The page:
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Marlborough School Student Newspaper
The Student News Site of Marlborough School

The UltraViolet

The Student News Site of Marlborough School

The UltraViolet

North Korea claims test of hydrogen bomb

Illustration by Noah '16
Illustration by Noah ’16

The Korean Central News Agency released claims of a possible hydrogen bomb detonation in the Democratic Republic of North Korea on Wednesday, Jan. 6. The tests were supposedly conducted using fusion: a more advanced process which combines hydrogen atoms, and in a much more powerful weapon than the atomic bomb. But many analysts say that the claims are false because of the country’s record of difficulty with the mastery of such weapons in the past and previous inflated claims.

According to NPR, the hydrogen bomb test was carried out in celebration of North Korea’s “Supreme Leader” Kim Jong Un’s birthday on Jan. 8, and, according to Vox’s official English translation of the North Korean state news agency’s statement, the tests were conducted in response to perceptions of aggression by the United States.

“This test is a measure for self-defense the DPRK has taken to firmly protect the sovereignty of the country and the vital right of the nation from the ever-growing nuclear threat and blackmail by the U.S.-led hostile forces and to reliably safeguard the peace on the Korean Peninsula and regional security,” the statement revealed.

According to CNN, North Korea could have detonated a “boosted” weapon instead of a hydrogen bomb, which uses only a little fusion to increase the fission process, but a boosted weapon does not have the same strength as a hydrogen weapon.

Mi-Hyung Yoon, special advisor to South Korean President Park Geun-hye, general council member of the Kumho Asiana Group and mother of Alli Yoon ’17 and Lauren Yoon ’19 was alerted by her friends in both the U.S. and South Korean military of the possible detonation. Yoon said that the information was most likely speculative because North Korea has made similar claims of detonation since the end of the Korean War in 1953.

“I wasn’t particularly shocked by the news…[North Korea is] just trying to get attention on the world stage…we just sort of think it’s another chapter in that long narrative,” Yoon said.

Although, according to Yoon, South Korea isn’t taking active military measures, the tensions between the two countries are rising. Previous tests by North Korea were of more concern to both the South Korean government and the international community. During conferences including Six Party Talks and the Sunshine Policy, global condemnation and verification of similar militaristic threats, were met with encouragements of peaceful relations between both nations on the Korean Peninsula and demilitarization of North Korea. The most recent claims, however, have been dismissed, as they do not require immediate attention and have not been officially substantiated.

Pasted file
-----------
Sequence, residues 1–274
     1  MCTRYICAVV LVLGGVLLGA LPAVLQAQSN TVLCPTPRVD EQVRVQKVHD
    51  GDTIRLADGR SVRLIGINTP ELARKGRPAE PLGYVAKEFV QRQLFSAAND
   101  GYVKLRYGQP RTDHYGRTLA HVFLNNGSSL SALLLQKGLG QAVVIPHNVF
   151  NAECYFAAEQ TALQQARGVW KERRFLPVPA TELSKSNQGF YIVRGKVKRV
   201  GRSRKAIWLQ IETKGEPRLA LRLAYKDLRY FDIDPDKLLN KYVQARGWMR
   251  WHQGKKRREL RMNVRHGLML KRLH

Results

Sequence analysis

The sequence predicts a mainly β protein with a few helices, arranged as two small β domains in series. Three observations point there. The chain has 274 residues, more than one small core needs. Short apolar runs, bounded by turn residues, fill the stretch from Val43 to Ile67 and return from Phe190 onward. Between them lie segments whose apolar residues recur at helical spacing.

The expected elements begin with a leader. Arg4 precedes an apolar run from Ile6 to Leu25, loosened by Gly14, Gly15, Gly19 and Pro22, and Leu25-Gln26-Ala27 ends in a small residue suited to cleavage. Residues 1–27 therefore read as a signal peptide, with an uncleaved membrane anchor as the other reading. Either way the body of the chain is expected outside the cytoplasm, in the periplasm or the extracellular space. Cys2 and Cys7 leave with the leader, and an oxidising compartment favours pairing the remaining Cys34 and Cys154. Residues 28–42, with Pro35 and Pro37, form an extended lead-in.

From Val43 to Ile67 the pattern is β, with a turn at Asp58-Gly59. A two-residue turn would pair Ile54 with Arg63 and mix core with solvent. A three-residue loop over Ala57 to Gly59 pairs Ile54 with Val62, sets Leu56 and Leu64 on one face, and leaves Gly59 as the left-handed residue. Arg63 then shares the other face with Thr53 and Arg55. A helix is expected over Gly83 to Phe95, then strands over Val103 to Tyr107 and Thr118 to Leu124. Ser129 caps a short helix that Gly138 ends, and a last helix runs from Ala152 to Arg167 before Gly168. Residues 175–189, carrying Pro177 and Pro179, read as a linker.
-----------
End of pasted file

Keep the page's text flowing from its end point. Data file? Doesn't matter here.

According to the New York Times article, “With Nuclear Tests, North Korea’s leader Asserts Role of Instigator”, South Koreans have lived with the threat of war for decades, as North Korea has often made empty threats of aggression.

Since the claims of detonation, South Korea has reinstalled controversial loudspeakers, lining the mile-long border between North and South Korea that have historically been used to blare propaganda across the border. Additionally, South Korea has about 1000 armed soldiers ready for attack, stationed along the border. North Korea has denounced these actions as an act of war against Kim Jong Un’s regime.

Yoon later detailed that she’s not sure if immediate action is not being taken regarding the most recent claims.

“[South Koreans have] constantly lived with the threat of a belligerent North Korea since the end of the Korean War in 1953, so whenever North Korea acts up, we’ve become desensitized to whatever North Korea does,” Yoon said.

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